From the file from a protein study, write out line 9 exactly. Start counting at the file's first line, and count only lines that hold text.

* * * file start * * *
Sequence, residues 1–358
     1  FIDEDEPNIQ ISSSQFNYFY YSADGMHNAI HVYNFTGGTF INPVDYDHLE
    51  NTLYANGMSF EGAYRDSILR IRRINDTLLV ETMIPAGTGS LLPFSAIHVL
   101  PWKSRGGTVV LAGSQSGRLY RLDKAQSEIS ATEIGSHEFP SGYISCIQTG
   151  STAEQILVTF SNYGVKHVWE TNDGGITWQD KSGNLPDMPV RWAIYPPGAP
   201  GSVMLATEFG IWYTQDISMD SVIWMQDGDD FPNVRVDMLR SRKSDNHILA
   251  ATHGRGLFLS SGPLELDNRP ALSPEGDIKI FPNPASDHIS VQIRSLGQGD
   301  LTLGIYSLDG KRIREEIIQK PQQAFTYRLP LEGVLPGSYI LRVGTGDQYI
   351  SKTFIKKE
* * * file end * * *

   351  SKTFIKKE